Micajah “Big Harpe” and Wiley “Little Harpe”, roamed Tennessee on their way to Kentucky from North Carolina committing many of their crimes. But what is unknown to many here in Cumberland County, is that one of their victims found their fate along the Walton Road near Crab Orchard, TN.
Their reign of terror mostly in the 1790s. “According to several written accounts from the 1800s, it was in December 1798 that the brothers entered the Gap, heading for Crab Orchard, a point where roads diverged to Louisville and Cincinnati. By this time, all three women (their wives) were pregnant. The group entered John Farris’s tavern, looking for food, but they were turned away because they had no money. Stephen Langford from Virgninia took pity on the miserable looking troupe and bought them breakfast. He then asked if the party wanted to join him along the Wilderness Trail. Historians report that Langford’s remains, mutilated almost beyond recognition, soon were found along the trail.” (Kelly Kazek, Forgotten Tales of Tennessee, p. 20-21)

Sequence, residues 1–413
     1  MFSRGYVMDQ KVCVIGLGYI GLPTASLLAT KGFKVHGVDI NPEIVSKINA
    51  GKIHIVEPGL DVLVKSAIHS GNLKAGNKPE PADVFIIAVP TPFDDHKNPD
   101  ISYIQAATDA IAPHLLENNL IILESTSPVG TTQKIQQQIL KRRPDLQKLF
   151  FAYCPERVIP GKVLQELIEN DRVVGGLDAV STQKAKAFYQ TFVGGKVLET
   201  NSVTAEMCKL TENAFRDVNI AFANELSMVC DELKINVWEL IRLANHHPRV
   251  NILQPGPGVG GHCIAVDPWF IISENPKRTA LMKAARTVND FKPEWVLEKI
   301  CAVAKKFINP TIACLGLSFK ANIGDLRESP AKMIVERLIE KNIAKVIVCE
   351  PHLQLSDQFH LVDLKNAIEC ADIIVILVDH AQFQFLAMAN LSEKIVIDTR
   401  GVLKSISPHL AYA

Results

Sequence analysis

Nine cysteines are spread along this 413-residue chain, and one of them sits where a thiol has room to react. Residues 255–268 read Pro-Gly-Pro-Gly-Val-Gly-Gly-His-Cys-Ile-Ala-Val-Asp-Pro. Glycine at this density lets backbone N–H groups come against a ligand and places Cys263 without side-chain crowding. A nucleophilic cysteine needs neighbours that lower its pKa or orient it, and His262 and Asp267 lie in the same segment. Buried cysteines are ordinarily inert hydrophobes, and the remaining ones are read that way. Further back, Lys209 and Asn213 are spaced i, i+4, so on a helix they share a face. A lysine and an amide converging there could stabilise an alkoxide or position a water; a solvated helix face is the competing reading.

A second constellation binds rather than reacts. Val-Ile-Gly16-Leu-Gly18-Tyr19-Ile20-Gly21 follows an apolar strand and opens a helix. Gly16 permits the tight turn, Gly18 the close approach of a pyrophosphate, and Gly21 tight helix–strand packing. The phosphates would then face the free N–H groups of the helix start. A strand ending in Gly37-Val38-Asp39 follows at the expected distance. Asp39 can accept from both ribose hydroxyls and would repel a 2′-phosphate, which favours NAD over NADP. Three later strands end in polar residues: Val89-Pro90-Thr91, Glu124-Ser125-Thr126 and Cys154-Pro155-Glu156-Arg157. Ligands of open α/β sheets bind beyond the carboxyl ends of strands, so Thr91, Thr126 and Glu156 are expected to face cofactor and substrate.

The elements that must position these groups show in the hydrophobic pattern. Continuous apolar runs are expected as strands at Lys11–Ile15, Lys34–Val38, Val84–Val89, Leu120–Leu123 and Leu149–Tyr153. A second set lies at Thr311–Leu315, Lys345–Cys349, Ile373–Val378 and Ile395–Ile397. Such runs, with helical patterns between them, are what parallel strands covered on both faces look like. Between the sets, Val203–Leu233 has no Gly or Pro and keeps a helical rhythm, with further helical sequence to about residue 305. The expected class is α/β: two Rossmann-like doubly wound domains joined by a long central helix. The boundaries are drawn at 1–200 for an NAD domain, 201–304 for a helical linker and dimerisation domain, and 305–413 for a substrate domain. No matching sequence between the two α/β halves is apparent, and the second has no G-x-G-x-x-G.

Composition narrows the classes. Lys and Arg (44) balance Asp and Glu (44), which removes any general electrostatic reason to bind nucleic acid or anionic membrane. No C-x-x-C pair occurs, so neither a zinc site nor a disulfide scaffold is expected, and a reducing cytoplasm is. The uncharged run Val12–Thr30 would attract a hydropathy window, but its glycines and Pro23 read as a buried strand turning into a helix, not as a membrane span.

The Harpes and their wives were eventually captured and taken to jail in Danville, KY, but true to their reputations, the men escaped leaving behind their wives. Despite being left behind, the women all gave birth, and were then acquitted for their crimes returning to their men on the run.
A pose of men who’s families had been murdered by the Harpe brothers formed and trailed them till each brother was dead. Their wives moved on, remarrying and retiring from their life of crime.
“Their friends and neighbors were enraptured with the glowing descriptions of the delightful country they had discovered, and their imaginations were inflamed with the account of the wonderful products, which were yielded in such beautiful profusion. The sterile hills and rocky uplands of the Atlantic country began to lose their interest, when compared with the fertile valleys beyond the mountains.” (Ramsey, Annals of Tennessee, p. 97)
The first settlements along the Cumberland Plateau were either by accident or by men who sought opportunity along the road. With a multitude of travelers coming along Walton Road, the need for food, shelter, and necessities while traveling continuously grew.